I auditioned for a movie role and I can’t forget what happened next
I got my big chance to be a movie star in eighth grade when casting director David Rubin came to Petal, Mississippi, in search of a kid to star in an upcoming Kevin Costner film called “The War.” With great excitement, I got my brother-in-law to drive me to the local high school for my audition.
After I got there, nobody handed me any lines to memorize; they just took me and the hundreds of other kids, divided us into groups of 50, and herded us into classrooms. After that, a man came in, looked around the room and dismissed us. That was it. My movie career was already a bust – but then I got a chance at redemption.
Days later, Mr. Rubin came to visit the YMCA where I volunteered – apparently, he was still in search of the perfect country bumpkin to appear in the movie. I noticed him walking around, but I didn’t catch his eye. Later, though, I saw him sitting alone in an office and I knew it was my moment to show him that I could be a star.
I stuck my head in the door, awkwardly introduced myself and tried to strike up a conversation, but he barely looked up. Not to be deterred, I started talking about myself to see if it would spark his interest, but he just responded with a bored “Oh really?” And that was the point at which I realized my personal “audition” was a lost cause and shut the door to the office, feeling dejected.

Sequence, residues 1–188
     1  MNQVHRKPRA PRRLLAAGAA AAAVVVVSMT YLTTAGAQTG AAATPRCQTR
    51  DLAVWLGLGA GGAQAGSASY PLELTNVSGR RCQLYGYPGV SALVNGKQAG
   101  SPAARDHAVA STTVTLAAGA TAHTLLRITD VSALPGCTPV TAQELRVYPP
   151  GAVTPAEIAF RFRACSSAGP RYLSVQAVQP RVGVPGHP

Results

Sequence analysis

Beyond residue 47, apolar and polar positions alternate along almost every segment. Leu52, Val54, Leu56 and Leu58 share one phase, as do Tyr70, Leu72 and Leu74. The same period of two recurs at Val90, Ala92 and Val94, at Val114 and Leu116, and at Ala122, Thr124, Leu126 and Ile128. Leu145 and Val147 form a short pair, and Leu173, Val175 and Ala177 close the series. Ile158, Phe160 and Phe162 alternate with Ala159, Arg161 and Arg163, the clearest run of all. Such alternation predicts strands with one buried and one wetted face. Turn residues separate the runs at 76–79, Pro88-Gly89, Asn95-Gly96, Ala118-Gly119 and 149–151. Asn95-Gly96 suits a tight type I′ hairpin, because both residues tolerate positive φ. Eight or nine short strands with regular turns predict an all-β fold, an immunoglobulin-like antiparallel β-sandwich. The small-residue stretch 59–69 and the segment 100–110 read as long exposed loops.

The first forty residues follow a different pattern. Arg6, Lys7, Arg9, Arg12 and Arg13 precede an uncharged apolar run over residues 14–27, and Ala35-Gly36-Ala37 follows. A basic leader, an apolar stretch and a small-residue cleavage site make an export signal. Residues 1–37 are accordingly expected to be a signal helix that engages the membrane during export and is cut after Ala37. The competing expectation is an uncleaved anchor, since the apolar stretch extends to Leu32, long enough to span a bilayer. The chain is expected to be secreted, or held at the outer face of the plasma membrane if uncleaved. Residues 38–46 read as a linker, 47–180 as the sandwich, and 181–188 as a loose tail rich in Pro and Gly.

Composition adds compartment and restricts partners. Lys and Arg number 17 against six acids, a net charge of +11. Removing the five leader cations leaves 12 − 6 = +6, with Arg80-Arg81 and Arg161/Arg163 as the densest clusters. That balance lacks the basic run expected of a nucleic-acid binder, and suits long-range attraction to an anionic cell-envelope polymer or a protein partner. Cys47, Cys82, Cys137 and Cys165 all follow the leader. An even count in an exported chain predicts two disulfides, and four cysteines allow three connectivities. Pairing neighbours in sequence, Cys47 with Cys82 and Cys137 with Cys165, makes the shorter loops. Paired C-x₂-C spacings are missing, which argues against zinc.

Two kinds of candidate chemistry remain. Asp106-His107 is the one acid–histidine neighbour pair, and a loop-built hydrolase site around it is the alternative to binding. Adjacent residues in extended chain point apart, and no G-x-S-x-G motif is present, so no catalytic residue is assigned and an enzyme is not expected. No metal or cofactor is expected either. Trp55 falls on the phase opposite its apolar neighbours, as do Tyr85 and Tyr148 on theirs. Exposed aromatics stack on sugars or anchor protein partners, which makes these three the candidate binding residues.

If I were a little younger or cuter, I would’ve gotten that part, I thought many times after that, kicking myself. Later on in life, different people replaced David Rubin – in high school, I sought the approval of the popular girls. In college, it was my pastors. In law school, it was the law firm recruiters who interviewed us for summer jobs.
Those people had power over me – power over my mood, my sense of self-worth, my dreams – and they had that power because I didn’t know where I stopped and they began. I didn’t have boundaries between my aspirations and their approval. Basically, they were the idols I worshipped.
I don’t know what your approval idol is – social media stardom, a pat on the back from your boss, an invitation from someone you admire – but Jesus said that if you live by the sword, you’ll die by the sword (Matthew 26:52). So if you’re going to live for the approval of others, know this: that need is sharp and dangerous and it will drain you of your lifeblood, one incision at a time.
In the end, if you’re lucky, you’ll get a loving spouse, overachieving kids, lots of Facebook likes, a part in a movie, whatever. And after gaining what you thought was the whole world, you’ll eventually look in the mirror and realize that you lost a big chunk of your soul trying to keep your idol applauding for you (Matthew 16:26).
It isn’t worth it. Let’s lay our lives down at the feet of the humble God who gave His life to prove we could trust Him. In the end, it will be His “well done” that really matters (Matthew 25:14-30).